By 1950, Porton had begun to test “considerable higher doses” of sarin on 133 men, and catalogued the severity of symptoms, such as runny noses, headaches, vomiting and eye pain.
Within two years, Porton had moved on to look at other aspects. In one study, in 1952, it wanted to see how sarin would impair the mental performance and intellectual ability of humans.
Twenty airmen were exposed to sarin and then measured to see how they performed in intelligence and aptitude tests. From this experiment, Porton inferred that after exposure, the men’s visual co-ordination was worse, but their reasoning and intellectual capability had not deteriorated. Another 12 men were exposed to stronger doses of sarin – Porton found that the men appeared “behaviourally much less disturbed than the increased concentration (of sarin) would lead one to expect”.
Maddison died during what is probably Porton’s most controversial experiment. It will be at the heart of the inquest over the coming weeks. He was one of 396 men who took part in a large experiment whose aim was to “determine the dosage of [three nerve gases] which when applied to the clothed or bare skin of men would cause incapacitation or death”.
The scientists were aiming to expose the men to sub-lethal quantities of the nerve gases and then measure how much each of the quantities was reducing the amount of cholinesterase enzymes in the body. They were trying to establish a ratio between the two figures and then extrapolate them to arrive at the lethal dose for humans. But they discovered that this theory was flawed, as there is no direct correlation.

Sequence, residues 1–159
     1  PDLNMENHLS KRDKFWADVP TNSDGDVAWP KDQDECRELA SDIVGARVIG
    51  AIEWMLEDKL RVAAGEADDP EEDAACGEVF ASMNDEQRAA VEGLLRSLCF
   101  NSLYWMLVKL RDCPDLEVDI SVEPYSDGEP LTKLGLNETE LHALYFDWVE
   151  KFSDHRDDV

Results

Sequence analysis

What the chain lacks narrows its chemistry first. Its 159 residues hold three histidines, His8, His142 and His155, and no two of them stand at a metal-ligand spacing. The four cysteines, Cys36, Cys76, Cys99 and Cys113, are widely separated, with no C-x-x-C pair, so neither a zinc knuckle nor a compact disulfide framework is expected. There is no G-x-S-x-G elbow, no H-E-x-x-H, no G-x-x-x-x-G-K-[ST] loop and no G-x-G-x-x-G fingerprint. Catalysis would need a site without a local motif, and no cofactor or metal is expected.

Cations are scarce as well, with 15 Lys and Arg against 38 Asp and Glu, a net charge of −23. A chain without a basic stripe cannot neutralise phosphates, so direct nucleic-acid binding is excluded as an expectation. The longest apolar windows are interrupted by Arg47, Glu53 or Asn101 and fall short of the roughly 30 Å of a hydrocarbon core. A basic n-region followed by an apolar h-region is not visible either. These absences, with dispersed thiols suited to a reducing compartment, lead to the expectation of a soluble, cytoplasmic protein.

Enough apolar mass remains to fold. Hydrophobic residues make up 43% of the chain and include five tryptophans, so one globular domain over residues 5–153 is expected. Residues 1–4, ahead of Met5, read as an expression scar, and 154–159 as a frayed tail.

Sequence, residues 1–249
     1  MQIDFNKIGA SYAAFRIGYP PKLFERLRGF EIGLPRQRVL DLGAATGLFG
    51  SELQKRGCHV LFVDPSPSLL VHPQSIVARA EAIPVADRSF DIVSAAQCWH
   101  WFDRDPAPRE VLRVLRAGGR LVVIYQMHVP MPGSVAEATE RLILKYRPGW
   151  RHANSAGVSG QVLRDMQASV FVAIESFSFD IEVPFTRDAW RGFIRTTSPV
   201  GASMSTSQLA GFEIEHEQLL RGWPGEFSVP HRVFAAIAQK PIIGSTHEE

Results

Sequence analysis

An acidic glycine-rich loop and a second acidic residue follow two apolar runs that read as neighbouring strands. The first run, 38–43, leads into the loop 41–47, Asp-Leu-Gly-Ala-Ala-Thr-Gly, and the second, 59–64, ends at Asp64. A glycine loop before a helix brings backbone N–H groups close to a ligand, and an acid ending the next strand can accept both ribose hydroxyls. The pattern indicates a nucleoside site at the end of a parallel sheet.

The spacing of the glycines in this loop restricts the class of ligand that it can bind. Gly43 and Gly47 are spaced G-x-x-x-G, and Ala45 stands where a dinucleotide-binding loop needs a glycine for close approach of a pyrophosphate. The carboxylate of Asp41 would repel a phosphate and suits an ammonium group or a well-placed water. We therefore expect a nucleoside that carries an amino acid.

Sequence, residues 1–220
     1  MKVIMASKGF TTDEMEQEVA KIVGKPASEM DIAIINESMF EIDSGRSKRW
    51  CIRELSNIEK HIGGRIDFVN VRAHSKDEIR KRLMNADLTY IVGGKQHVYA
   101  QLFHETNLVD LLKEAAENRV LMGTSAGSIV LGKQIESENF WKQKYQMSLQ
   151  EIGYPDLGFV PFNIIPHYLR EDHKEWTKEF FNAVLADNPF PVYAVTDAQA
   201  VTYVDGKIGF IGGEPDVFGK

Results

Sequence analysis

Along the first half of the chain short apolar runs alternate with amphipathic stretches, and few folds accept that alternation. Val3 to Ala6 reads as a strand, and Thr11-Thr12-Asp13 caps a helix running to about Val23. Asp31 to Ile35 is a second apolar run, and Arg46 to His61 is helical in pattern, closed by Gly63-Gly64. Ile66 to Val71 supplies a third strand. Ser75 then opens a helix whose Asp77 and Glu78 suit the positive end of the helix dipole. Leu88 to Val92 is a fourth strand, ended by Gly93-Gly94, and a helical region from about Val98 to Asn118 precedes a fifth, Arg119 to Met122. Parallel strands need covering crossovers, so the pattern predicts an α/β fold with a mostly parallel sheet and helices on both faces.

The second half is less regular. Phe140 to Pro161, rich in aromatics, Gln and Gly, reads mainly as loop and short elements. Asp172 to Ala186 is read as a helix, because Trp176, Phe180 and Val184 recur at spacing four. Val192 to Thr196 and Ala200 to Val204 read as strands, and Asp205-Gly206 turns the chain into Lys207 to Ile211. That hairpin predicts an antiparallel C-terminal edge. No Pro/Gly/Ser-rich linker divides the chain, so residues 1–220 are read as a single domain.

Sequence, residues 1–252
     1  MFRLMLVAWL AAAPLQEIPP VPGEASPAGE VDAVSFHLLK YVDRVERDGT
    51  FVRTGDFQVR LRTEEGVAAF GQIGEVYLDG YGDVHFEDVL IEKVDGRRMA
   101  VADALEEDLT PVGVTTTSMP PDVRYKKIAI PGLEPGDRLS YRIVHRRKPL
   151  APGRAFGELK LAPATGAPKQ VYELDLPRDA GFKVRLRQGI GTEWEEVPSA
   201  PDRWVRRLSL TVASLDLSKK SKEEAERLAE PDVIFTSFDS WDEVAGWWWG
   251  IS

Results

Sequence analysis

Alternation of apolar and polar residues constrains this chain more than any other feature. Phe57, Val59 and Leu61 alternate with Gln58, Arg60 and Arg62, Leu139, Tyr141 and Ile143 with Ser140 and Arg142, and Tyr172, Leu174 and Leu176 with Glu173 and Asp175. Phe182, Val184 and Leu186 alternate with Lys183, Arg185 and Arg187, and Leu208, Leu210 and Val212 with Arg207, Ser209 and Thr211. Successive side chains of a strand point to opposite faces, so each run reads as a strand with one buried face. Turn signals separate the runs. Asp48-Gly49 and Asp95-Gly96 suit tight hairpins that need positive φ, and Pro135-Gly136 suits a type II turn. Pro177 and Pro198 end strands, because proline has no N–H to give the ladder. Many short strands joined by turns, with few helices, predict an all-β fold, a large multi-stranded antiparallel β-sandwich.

After Maddison’s death, Porton was limited in the amount of nerve gas it could test on humans, but the trials continued.
About 300 soldiers in the mid-1950s were used to see how well they could conduct military operations after they had been attacked with nerve gas. They were gassed with relatively low levels and then sent on a mock exercise. The men performed well in daylight, but less so at night. The biggest hindrance was that they could not see very well, but the scientists believed that a “determined infantryman” could still fight on after being exposed to low amounts of nerve gas.
The psychological effects of nerve gas were a continuing focus of experiments in the 1950s. In one set of trials, the men underwent a series of intelligence and aptitude tests after being gassed. Porton found that the men were distinctly unhappy and depressed afterwards, emotions that were combined with a “feeling of reduced mental alertness and a tendency to social withdrawal”.
In the late 1950s, Porton studied the effect of nerve gas on particular parts of the body. One study concluded that nerve gas did not impair hearing; this might have been a problem if troops could not, for instance, hear instructions or orders in the heat of the battle after a gas attack. Another looked at whether nerve gas hindered the circulation of blood through the veins in the leg; it didn’t. Another examined the impact of nerve gas on the heart, as the scientists wanted to see if particular muscles between the ribs were responsible for one of the usual nerve gas symptoms – a “tightness in the chest”.
In the later years of the programme, Porton seems to have focused on assessing the effects of nerve gas on the eyes, a crucial question because, for instance, pilots faced with reading complicated rows of instruments could be put out of action with a slightest amount of exposure to the gas.
The nerve gas programme was substantial at Porton because human testing has been an integral part of the establishment since it was founded. During the past 80 years, some 25,000 humans have been subjected to Porton’s experiments, many in trials with other chemical weapons such as mustard gas and tear gas. Others were used simply to test defensive equipment without being exposed to chemicals.